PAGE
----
Athletics: A year in review

The athletic department will soon face a pivotal decision regarding the prioritization of football.

EJ SmithMore than two years ago, I was bestowed a responsibility that terrified me.

I had just been hired as The Temple News’ sports editor, and I realized I was now responsible to be the authority on Temple’s athletic department.

I had to fully understand how important Gavin White was, which teams were still in The Big East Conference and—most importantly—be able to serve my readership in pursuit of the university’s financial situation after the athletic cuts in 2014.

Take it from someone with a front-row seat to nearly the entire process: the cuts were ugly.

But since that time, I’ve witnessed Temple transition from an underperforming, underfunded athletic department to a well-functioning administration moving in the right direction.

The football team went from a 2-10 cellar dweller to what President Theobald called “the front porch” of the university. The men’s basketball team went from winning less games than the nation’s best football teams to its first NCAA tournament appearance since 2013. The athletic department’s newly slimmed down 17-team lineup is now enjoying more funding per team and more university support than ever.

But the department is still forming its new identity following the cuts. Because of this, it is at a crossroads.

With $136 million—and counting—backing an on-campus football stadium and three graduated Owls hearing their names during the NFL Draft, the groundswell of support may hinge on another successful season.

But would a successful football program be the proper consolation prize for the five sports programs no longer sponsored? It’s unlikely.

There is certainly a better outcome: an entire department of competitive teams.

Athletic Director Pat Kraft and his administration can pursue a big-time football program by continuously pumping a lion’s share of resources into it, or they can continue to spread the wealth in order to pursue a nationally competitive program as a whole. But this isn’t an original idea, in fact, it’s Kraft’s.

“Our goal obviously is to win The [American Athletic Conference] championship, but our eventual goal is to win the national championship,” said Kraft, who was promoted to athletic director last year.  “Now that can take time, but the way that you have a successful department is when everybody is winning.”

It would appear Kraft is still in pursuit of his goal, but he faces the temptation of the big-time dollars that come from big-time football.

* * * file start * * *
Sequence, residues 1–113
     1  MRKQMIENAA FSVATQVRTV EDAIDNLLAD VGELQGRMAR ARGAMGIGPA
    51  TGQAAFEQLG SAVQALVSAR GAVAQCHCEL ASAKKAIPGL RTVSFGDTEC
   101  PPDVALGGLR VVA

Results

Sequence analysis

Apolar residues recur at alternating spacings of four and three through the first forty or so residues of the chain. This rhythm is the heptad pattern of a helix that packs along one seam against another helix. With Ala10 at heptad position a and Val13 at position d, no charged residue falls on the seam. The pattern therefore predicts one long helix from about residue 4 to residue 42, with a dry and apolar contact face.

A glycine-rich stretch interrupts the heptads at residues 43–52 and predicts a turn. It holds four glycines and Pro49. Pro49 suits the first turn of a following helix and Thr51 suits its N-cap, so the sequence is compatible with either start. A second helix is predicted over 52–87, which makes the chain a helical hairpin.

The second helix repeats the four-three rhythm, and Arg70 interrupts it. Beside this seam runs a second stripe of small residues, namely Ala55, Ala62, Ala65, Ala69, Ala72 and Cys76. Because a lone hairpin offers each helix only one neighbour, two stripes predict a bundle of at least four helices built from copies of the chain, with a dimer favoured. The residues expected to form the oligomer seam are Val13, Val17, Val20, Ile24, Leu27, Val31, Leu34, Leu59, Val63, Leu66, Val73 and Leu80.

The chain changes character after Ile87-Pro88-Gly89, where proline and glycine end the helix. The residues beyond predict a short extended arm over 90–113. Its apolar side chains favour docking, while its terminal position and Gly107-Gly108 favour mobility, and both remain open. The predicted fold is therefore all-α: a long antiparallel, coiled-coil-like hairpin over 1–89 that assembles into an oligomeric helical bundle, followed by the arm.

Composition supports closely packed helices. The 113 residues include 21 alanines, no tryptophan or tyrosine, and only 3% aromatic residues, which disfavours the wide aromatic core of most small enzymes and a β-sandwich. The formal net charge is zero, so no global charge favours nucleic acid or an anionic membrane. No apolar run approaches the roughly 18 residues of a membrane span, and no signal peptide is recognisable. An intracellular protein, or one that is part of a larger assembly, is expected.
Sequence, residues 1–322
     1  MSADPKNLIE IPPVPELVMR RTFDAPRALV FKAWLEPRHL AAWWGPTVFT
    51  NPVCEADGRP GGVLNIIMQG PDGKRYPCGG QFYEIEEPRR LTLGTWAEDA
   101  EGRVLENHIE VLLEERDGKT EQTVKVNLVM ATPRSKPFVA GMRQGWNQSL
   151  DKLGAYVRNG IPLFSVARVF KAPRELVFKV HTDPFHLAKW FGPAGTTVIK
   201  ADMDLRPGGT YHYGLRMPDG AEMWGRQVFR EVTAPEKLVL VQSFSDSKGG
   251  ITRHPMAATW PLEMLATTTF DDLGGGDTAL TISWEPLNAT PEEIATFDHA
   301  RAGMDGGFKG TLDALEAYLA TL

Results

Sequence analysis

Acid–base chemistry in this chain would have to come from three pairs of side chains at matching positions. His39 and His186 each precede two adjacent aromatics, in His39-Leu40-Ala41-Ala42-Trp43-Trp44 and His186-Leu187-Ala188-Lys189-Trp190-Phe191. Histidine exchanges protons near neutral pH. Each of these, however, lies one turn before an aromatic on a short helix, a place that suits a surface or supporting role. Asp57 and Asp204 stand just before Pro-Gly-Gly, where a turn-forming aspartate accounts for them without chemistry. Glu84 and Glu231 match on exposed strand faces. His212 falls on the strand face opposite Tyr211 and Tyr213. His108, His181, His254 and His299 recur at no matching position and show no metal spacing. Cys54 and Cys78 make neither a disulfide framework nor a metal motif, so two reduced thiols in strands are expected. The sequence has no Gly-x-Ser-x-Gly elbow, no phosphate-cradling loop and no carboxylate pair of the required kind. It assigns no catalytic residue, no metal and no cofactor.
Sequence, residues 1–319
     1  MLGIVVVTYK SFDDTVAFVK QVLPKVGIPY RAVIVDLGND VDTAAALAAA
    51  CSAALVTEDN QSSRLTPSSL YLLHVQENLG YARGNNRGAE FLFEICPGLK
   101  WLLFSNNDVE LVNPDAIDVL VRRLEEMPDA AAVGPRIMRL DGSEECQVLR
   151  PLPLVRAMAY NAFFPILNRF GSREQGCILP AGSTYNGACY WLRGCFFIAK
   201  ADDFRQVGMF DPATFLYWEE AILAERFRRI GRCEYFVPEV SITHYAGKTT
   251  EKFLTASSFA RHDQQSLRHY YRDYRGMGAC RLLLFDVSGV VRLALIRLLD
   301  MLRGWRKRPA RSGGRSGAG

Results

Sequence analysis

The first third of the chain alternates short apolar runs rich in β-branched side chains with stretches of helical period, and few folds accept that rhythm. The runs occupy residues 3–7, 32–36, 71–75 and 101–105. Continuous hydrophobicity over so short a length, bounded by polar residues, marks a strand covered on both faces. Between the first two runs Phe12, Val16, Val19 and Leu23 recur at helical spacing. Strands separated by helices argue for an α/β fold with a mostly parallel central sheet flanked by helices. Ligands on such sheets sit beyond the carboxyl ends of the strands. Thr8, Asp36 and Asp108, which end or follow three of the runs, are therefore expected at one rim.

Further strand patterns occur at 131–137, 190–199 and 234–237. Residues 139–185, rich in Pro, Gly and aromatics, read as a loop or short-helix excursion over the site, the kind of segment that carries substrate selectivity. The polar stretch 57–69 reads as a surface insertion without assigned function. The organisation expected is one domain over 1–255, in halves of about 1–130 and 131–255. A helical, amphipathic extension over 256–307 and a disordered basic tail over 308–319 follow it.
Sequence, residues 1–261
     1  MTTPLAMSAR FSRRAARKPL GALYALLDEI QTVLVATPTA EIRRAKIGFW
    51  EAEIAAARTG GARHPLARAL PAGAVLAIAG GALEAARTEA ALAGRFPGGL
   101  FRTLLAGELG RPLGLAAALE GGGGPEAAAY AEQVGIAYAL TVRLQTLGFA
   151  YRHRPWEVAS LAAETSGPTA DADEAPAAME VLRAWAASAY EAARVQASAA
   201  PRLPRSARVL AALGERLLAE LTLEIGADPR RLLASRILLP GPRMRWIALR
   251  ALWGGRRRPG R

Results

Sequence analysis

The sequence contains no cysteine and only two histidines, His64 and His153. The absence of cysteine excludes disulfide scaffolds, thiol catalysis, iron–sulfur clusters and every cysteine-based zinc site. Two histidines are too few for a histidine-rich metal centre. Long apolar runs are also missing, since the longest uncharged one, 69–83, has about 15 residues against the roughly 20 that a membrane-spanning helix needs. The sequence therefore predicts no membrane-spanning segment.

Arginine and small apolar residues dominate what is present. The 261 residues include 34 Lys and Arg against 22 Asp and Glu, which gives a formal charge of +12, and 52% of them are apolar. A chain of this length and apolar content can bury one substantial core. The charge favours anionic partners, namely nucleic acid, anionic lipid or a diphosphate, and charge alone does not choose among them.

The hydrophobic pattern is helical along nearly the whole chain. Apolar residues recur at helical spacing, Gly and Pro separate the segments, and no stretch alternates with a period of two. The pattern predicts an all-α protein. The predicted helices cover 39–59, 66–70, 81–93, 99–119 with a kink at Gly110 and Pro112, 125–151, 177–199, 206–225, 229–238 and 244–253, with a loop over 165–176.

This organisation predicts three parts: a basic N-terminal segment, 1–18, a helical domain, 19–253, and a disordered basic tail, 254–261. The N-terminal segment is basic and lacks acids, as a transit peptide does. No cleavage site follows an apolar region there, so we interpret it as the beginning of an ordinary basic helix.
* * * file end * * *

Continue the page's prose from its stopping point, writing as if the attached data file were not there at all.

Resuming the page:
They’ve flirted with conference realignment, likely after the oversized television revenue Power 5 conferences enjoy. While it seems unlikely it would pan out, even the thought of sending women’s soccer to Oklahoma, Texas and Kansas is cringe-worthy.

The possibility of several million dollars sliding into the department’s budget off the football team is enticing, but the big-time schools display each and every year the compromises big-time football can have with both the integrity of its institution and the commitment to the department as a whole.

Look at Baylor, occasionally pointed to as a promising example of how Temple can make it big without a 60,000-person stadium and a large athletic budget. In February, it was reported that Baylor is currently facing accusations of ignoring sexual assault survivors’—allegedly assaulted by football players—right to justice.

Other examples span from the University of Tennessee, which faces a similar suit featuring harrowing details of protection of football players accused of sexual assault.

The president obviously is behind Kraft and football coach Matt Rhule, one of his first hires in 2013. But rightfully said the university isn’t after a juggernaut of a program.

“Financially, football drives the bus, there’s no doubt about it,” he said in an interview with The Temple News on Nov. 17, 2015. “If you try to run an athletic program around basketball, there simply isn’t enough revenue around that to do it. Football because of TV revenue and marketing and all the things that come with it. … [Football] is the piece you really have to pay attention to, because that’s what allows you to do what you want to do here. So that’s what it does for us more than us trying to be a national power or anything.”

One semester away from becoming an alumnus, I hope the department continues in pursuit of a well-balanced athletic program with student-athletes in mind.

A nationally competitive football program is enticing, but—given the sad nature of the athletic cuts—I should hope the decision to trim the number of teams will yield more than just a handful of exciting Saturday afternoons.

EJ Smith can be reached at or on Twitter @ejsmitty17.

Be the first to comment

Leave a Reply

Your email address will not be published.